A reinterpreted version of the Cross of Christ also Fig. 4. Almada Negreiros. 1933. “Vote for the New Constitution”. (90 cm X 116 cm). Poster printed with lithography at the Lith. de Portugal using three colours. BNP.

appeared in the posters used for the Campaign of National Assistance for Tuberculosis Sufferers (ANT – Assistência Nacional aos Tuberculosos)


Phrase later included in “Salazar’s Lesson”, referring to a series of posters published in 1938, described below.

(Fig. 8). This poster evokes associations with the Church through a kneeling figure stretching its

arms heavenward, in an attitude of humility,

Lesson”6 offers one of the best examples of how

veneration and supplication.

the Estado Novo depicted the significant change that was deemed to have occurred, not only in industry, with the idea of progress, but also in the quality of Portuguese social and cultural life with the welfare state. This was a State that claimed to defend the interests of the Portuguese people, or rather, to ‘take care’ of them in a protectionist manner (Fig. 7 to 9).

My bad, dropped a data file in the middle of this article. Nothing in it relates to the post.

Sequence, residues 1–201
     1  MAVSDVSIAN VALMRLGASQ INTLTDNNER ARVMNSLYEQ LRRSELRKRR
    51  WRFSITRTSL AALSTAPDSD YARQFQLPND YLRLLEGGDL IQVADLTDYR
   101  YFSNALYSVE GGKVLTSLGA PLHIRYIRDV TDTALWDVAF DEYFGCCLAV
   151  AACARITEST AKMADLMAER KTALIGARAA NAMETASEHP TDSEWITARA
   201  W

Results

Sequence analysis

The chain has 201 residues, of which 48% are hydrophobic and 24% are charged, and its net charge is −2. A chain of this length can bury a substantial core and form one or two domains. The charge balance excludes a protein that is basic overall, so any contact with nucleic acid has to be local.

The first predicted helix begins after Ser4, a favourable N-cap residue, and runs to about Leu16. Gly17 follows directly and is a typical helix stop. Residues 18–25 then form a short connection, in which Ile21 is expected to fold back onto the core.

Fig. 6. Graça. 1934. “A.N.T”. (89.9 cm X 120.2 cm). Poster printed with lithography at the Lith. de Portugal using two colours. BNP.

Fig. 7. Emmerico Nunes. 1938 . “Salazar’s lesson”. (111.5 cm X 78 cm). Poster printed with lithography at Bertrand (Irmãos) Ltd, using seven colours. BNP.

“Providence” poster Point 4 of Part II of the Decalogue – “What is freedom” clearly illustrates this concept:

“With the declaration that man is born free, absurdity took over. For that is a lie, one that is simultaneously

Fig. 8. Martins Barata. 1938 . “Salazar’s lesson”. (111.5 cm X 77.8 cm). Poster printed with lithography at the Lith. de Portugal using six colours. BNP.